26
Jun
2015

Talking with Catholics about the Gospel

More than seventy-eight million Catholics live in the United States, representing one of the country’s largest demographics. How then can evangelical and Reformed Christians be better equipped to speak about the gospel with those Catholics? We recognize a gap between our understanding and current Catholic practice. In Talking with Catholics about the Gospel: A Guide for Evangelicals, Chris Castaldo leads us toward a better understanding of how to interact with Catholics about the gospel. Castaldo is also the author of Holy Ground: Walking with Jesus as a Former CatholicJoin us for an excellent and much-needed conversation on an important subject.

See also our recent conversation with Gregg Allison on his book Roman Catholic Theology and Practice: A Evangelical Assessment.

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Christ the Center focuses on Reformed Christian theology. In each episode a group of informed panelists discusses important issues in order to encourage critical thinking and a better understanding of Reformed doctrine with a view toward godly living. Browse more episodes from this program and learn how to subscribe.

6 Responses

  1. Bruce Sanders

    Like those on the panel, I have ‘sat at the back’ of Roman Catholic and similar churches who do not share the finer points of Reformed theology. From this view at the back, especially during the response to Luke 22:15 … when bread and wine are administered to the faithful in Christ, there really is no meaningful visual difference. As to the personal beliefs of the faithful during the event, there is probably more difference across the Church at large, than between modern Roman Catholics and Reformed. While your sage advice to stay “in love” during dialogues with Roman Catholic Christians is well-intentioned, in my experience, it too-often takes skills well beyond those of the average Reformed person to keep the discussion in love, especially since Reformed have an agenda which backs the other person into a corner.

    Rather than offend neighboring Christians, perhaps your recommendations would be better served to encourage your Reformed members to open a dialogue at an Atheist and Agnostic Society gathering (held in most cities). Would it not be less destructive to the Church if the time were spent boldly planting the cross of Christ where the gospel is not yet found?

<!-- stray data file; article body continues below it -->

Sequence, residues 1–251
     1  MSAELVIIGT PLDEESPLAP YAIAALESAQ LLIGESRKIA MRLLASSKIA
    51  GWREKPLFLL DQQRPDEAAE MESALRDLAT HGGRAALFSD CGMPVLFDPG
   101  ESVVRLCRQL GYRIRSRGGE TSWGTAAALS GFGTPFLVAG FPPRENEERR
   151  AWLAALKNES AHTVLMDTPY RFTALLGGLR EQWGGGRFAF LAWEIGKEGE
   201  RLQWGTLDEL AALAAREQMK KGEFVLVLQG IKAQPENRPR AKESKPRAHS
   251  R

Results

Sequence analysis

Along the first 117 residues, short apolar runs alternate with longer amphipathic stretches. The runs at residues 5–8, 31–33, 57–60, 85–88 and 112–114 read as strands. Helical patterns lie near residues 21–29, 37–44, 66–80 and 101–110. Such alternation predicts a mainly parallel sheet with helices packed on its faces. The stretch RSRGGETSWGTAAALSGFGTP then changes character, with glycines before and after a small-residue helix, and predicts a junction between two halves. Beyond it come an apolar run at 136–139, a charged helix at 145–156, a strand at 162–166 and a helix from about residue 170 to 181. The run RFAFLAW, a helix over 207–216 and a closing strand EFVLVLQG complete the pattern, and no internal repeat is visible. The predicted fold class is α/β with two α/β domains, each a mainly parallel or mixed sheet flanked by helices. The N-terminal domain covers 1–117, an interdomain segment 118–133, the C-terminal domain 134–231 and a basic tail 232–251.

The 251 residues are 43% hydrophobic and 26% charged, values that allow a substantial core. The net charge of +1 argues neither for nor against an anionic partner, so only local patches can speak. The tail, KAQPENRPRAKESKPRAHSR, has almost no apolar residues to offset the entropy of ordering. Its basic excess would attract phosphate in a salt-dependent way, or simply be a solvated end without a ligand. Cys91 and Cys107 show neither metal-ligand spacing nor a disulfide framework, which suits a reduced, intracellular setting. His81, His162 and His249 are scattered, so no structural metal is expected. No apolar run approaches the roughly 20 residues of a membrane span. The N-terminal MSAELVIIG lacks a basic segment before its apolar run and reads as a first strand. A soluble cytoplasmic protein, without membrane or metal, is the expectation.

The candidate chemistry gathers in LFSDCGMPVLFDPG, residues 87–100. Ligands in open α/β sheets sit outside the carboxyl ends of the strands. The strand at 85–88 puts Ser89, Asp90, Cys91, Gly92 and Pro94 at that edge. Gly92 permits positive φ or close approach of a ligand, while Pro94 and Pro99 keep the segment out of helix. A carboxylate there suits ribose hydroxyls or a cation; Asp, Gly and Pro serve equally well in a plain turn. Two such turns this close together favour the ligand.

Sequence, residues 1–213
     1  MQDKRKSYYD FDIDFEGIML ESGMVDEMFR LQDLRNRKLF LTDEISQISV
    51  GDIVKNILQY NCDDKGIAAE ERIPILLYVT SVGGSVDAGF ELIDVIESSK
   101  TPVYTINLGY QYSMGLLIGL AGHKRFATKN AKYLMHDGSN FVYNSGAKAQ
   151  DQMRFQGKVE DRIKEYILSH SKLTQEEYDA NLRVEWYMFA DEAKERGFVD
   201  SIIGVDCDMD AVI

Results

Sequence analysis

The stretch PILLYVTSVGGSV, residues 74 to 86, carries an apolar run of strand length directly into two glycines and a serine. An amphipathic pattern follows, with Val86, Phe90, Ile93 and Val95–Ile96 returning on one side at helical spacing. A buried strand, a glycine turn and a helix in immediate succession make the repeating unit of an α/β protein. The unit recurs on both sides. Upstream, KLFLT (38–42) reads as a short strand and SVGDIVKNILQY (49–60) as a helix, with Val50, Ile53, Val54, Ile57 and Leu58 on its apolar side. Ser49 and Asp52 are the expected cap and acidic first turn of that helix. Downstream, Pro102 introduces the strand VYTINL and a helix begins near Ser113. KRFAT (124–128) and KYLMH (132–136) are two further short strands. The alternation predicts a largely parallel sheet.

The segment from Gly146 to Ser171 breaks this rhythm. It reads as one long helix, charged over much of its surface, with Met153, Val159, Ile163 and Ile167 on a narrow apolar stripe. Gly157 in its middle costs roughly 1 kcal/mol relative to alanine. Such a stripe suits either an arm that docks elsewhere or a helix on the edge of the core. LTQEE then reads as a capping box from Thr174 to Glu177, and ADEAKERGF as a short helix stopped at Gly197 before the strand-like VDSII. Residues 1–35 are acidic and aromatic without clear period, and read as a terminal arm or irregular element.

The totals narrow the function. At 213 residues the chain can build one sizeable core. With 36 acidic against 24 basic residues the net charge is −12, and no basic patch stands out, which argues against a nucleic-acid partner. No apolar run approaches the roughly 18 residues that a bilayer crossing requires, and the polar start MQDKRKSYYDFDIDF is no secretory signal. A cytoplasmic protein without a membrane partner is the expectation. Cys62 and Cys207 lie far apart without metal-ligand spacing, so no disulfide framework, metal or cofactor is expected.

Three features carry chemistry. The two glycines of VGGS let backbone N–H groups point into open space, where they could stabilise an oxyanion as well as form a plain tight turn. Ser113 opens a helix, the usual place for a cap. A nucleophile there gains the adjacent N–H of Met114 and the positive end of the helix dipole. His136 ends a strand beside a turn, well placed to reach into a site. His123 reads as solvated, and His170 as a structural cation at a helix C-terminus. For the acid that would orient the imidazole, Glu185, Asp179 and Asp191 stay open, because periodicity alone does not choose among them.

2. Alberto

    I listened, and to be honest, I felt a bit uncomfortable and it wasn’t the kind of interview I’d recommend to a friend wanting to learn how to deal with Roman Catholics. Perhaps the book is different, but this interview didn’t lead me to buy it; I’m more likely to borrow the book, if even that.

    This coming from a Mexcian-American with many Roman Catholic family members.

  3. Stephen MacKenzie

    While reformed folk may very well bristle at just the mention of the name “Dave Hunt”, the hour spent viewing the video version of “The Woman Rides the Beast” is an hour well spent. It is not merely a cheap shot or a caricature as the genre of a “chick tract”, but rather a penetrating expose. You can view for free on youtube https://www.youtube.com/watch?v=oUFhGQ4Do9s

  4. Steve

    Thanks for the above programme. This sits well with the programme with Dr . Allison. I believe that there is a clear softening by many evangelicals towards Romanism. I know ECT has had its part to play in this but also a growing ignorance of sound Biblical Doctrine and offical Roman Dogma among even Reformed believers has played a role. Our Fathers in the faith often had a better understanding of these issues and where more adept at standing on solid biblical ground. Regarding Dr. Castaldo’s reference to Catholic Charismatics as if they where all Christians requires greater qualification. Certainly some have come to faith through their reading of the scriptures but many see there position as a renewal of there baptism and greater enthusiasm for Roman Dogma.

    Best regards
    Steve

  5. Richard Begin

    I really enjoyed listening to this episode and to the previous episode with Dr. Allison (I bought his book after hearing the episode but have not started it yet). I’m writing for clarifications on the portion of the episode that mentioned “transubstantiation”.

    In a previous book on Catholicism that I have read, the author states that during “the miracle of the Mass, at the prayer of consecration, the substance of the elements is transformed supernaturally into the substance of the body and blood of Christ, but the accidens of bread and wine remain…The substance of it [the bread], the essence of it, has been supernaturally transformed to the body, the flesh, of Jesus Christ. Likewise, the substance of the wine has been transformed to the substance of the blood of Christ.”

    This sounds like physical presence to me and I though I heard Chris Castaldo say that Catholics don’t believe in the physical presence of body & blood in the Eucharist during the Mass.

    Can you provide some clarity…thanks!

  6. Steve

    Interesting to note that in addition to the body and blood concepts in the sacrifice of the mass – clear roman catholic dogma, that The Council of Trent and The Creed of Pope Pius 4th have the added factors of SOUL and DIVINITY.

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